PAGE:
Unbounded result set

An unbounded result set is where a query is performed and does not explicitly limit the number of returned results using SetMaxResults() with NHibernate, or TOP or LIMIT clauses in the SQL. Usually, this means that the application assumes that a query will always return only a few records. That works well in development and in testing, but it is a time bomb waiting to explode in production.

The query may suddenly start returning thousands upon thousands of rows, and in some cases, it may return millions of rows. This leads to more load on the database server, the application server, and the network. In many cases, it can grind the entire system to a halt, usually ending with the application servers crashing with out of memory errors.

Here is one example of a query that will trigger the unbounded result set warning:

session.CreateQuery("from OrderLines lines where lines.Order.Id = :id")
.SetParameter("id", orderId)
.List();

If the order has many line items, we are going to load all of them, which is probably not what was intended. This can be fixed fairly easily by using pagination:

session.CreateQuery("from OrderLines lines where lines.Order.Id = :id")
.SetParameter("id", orderId)
.SetFirstResult(0)
.SetMaxResults(25)
.List();

Now we are assured that we only need to handle a predictable, small result set, and if we need to work with all of them, we can page through the records as needed. But there is another common occurrence of the unbounded result set problem from directly traversing the object graph, as in the following example:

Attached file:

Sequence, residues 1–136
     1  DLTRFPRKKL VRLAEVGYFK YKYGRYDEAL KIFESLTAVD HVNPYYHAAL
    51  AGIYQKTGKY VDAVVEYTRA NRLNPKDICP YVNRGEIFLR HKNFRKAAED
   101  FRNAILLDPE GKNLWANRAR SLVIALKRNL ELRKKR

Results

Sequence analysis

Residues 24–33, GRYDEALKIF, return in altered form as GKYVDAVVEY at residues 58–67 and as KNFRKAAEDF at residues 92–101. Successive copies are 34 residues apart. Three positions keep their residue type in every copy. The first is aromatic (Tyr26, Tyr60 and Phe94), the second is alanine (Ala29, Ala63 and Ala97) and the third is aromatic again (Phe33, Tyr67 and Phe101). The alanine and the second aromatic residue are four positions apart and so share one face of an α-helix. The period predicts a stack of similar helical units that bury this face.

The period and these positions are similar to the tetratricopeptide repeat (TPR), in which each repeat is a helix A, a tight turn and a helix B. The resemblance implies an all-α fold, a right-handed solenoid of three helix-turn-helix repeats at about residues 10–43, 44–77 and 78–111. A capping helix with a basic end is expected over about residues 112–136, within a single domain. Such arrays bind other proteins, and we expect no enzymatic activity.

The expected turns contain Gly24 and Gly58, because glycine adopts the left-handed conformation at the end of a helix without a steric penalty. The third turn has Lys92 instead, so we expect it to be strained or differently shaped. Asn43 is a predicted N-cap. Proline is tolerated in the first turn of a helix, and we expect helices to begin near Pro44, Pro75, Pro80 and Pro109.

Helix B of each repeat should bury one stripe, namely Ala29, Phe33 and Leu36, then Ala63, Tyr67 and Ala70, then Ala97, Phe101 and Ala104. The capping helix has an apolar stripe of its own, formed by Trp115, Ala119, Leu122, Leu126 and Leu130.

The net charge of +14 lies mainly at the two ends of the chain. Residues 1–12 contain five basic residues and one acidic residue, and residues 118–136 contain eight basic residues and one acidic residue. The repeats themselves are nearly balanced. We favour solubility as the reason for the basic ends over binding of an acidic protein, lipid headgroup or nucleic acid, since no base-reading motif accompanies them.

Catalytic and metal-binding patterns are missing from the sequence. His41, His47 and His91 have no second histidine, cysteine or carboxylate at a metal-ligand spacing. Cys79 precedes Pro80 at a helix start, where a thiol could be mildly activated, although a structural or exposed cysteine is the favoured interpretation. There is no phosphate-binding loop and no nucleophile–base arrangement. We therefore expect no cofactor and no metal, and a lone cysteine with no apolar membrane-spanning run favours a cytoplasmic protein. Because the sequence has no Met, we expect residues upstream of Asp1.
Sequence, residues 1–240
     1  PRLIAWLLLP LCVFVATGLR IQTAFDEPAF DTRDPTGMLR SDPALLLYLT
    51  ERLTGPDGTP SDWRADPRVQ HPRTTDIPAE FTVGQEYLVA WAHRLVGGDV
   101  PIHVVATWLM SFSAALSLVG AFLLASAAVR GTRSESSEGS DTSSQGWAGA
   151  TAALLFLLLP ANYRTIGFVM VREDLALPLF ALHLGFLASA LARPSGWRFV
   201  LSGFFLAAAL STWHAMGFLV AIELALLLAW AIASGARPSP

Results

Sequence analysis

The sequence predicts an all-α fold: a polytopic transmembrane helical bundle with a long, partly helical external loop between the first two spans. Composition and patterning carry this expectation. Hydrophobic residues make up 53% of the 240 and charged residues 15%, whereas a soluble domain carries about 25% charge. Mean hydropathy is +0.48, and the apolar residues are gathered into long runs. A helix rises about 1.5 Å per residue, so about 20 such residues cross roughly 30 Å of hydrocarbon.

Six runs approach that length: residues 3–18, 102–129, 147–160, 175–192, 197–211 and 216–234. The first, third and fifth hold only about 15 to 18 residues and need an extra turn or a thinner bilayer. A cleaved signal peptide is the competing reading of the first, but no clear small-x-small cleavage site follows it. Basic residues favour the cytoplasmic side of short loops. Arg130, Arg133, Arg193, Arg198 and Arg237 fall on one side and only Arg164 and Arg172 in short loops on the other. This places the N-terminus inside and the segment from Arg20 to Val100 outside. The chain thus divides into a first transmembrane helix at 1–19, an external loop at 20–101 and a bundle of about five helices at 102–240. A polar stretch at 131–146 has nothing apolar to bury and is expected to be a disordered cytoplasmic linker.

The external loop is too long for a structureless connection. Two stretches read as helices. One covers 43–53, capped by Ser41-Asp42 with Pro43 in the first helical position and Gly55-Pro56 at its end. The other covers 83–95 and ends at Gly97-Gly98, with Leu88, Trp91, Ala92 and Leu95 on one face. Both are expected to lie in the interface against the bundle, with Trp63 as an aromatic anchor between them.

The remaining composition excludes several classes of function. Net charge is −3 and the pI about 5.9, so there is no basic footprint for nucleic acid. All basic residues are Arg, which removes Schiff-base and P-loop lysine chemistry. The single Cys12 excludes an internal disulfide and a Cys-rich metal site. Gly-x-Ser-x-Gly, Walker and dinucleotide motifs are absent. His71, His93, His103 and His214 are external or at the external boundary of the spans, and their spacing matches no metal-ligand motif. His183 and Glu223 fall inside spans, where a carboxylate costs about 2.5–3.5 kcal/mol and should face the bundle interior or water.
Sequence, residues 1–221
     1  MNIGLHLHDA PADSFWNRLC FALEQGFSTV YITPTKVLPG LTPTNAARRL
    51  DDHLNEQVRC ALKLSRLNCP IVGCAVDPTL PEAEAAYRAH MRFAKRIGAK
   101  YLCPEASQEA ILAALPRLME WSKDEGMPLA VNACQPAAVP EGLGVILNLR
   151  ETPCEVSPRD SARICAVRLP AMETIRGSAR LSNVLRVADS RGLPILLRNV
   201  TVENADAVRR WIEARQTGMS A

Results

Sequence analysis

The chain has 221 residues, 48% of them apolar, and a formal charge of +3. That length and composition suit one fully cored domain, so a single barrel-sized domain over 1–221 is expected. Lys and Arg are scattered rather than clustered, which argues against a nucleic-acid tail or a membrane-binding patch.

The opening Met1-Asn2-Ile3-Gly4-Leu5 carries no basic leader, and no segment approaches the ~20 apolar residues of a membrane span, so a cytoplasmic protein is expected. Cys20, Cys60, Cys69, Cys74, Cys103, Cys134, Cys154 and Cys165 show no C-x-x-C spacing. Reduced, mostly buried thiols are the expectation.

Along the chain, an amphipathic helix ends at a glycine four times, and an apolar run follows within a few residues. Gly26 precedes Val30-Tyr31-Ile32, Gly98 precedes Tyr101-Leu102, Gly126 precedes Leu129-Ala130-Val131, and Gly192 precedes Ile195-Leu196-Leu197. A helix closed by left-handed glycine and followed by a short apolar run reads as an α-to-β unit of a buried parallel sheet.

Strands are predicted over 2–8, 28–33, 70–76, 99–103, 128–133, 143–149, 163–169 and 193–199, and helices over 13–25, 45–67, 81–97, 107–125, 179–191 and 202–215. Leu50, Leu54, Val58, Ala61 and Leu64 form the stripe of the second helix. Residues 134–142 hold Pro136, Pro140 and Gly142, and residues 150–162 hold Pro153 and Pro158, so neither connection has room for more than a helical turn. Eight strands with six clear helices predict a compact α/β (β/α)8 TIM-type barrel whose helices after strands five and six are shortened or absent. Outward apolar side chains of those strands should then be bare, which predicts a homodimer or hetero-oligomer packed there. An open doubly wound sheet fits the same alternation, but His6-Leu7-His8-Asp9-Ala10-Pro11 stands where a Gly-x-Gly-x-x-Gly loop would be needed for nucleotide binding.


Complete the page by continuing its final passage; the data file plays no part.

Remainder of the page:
var order = session.Get(orderId);
DoSomethingWithOrderLines(order.OrderLines);

Here, again, we are loading the entire set (which is, in fact, identical to the query we issued before) without regard for how big the result set may be. NHibernate provides a robust way of handling this scenario using filters:

var order = session.Get(orderId);
var orderLines = session.CreateFilter(order.OrderLines, "")
.SetFirstResult(0)
.SetMaxResults(25)
.List();

DoSomethingWithOrderLines(orderLines);

This allows us to page through a collection very easily, and saves us from having to deal with unbounded result sets and their consequences.